4E D&D has a lot of stuff about party role. What function does a character play in the party? You could be: a leader, healing and protecting your allies or boosting damage; a striker, dealing high damage to kill the enemy faster; a controller, locking down enemies with status effects and creating obstacles; or a defender, drawing the collective wrath of the enemy so you take the bulk of the damage.
This has worked pretty well, over all. Characters are focused and parties are efficient. What about outside the game?should players divide up areas of expertise (and expense) to make the group better?
The idea of group role first came to me when one of our guys started modding and painting all the character figs for the new campaign. He moonlights as a 40k player so he’s got a lot of experience. He even seems to enjoy painting minis. Hell, he’s GOOD at it. Painting for the rest of us started when the wizard found the perfect fig… except it had a wand and not an orb. Our Painter offered to mod it. Then the guy playing an Artificer found a fig that matched his character and Painter painted and modded it with a bigger gun barrel. (The Artificer is using a crossbow that is being RP’ed as a magic grenade launcher. His fig now looks like a midievil Gordon Freeman.) Heck, Painter is even doing my fig by replacing a dagger with a warhammer. Those of us without the time or talent to paint really appreciate his help. In short, he has taken on a Group Role.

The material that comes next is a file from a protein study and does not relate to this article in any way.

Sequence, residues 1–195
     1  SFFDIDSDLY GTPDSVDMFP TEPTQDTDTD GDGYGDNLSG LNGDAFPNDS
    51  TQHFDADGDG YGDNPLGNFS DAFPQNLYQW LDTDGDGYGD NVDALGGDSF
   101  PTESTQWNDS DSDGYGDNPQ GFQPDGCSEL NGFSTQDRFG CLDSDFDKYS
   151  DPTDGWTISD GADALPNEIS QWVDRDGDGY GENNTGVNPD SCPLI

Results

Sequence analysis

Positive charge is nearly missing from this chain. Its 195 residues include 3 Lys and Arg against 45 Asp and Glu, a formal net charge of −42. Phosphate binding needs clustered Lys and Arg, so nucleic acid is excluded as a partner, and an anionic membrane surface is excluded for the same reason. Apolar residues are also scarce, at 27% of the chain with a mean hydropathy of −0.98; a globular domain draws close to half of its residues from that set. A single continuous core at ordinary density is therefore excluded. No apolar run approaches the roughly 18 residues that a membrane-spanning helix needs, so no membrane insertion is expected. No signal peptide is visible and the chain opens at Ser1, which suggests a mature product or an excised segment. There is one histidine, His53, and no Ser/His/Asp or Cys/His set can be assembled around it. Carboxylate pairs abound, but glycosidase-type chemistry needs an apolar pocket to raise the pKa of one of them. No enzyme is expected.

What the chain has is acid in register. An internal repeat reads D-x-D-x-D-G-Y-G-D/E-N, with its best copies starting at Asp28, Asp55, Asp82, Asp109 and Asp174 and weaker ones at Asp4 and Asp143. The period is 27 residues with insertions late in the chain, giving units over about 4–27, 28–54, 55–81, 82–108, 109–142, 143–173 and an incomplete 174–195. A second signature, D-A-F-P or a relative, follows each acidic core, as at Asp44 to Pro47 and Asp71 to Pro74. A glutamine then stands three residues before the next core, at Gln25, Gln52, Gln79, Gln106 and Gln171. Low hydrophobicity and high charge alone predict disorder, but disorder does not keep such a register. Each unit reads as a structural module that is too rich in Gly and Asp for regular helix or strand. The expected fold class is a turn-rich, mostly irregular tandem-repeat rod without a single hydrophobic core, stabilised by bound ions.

Our erstwhile DM lives the WotC miniatures. He’s got over 1,000 of them. In the main campaign, when I DM, I use his monster minis even though I have a 10 lb box at home full of them. It started as a transportation issue – he has a car, I take the train – but has changed to “eDM can provide the monsters so he does”. His most common D&D purchase is a new box of minis. eDM is our Monster Guy.
There are other roles like Chronicler and Cartographer.
For my part, in addition to primary DM, I think I might become Terrain Guy. Dungeon Tiles have been a staple in my game for about a year and a half. They’re great. Easy to use, tons of possibilities and reusable. They aren’t the greatest for creating a truly absorbing set, though. 3D terrain is my pinnacle of dungeoncraft. Dwarven Forge has haunted me for a couple of years now but remains out of my price range. A few days ago I caught a link to World Works Games. That is so up my alley. I can do papercraft and foam core. The modular nature of the design really appeals to me. Today I saw Hirst Arts for the first time. Yes, it requires painting but I like that it has texture. When Swan and I move and have a hobby room, I think I will be doing a bunch of 3D terrain.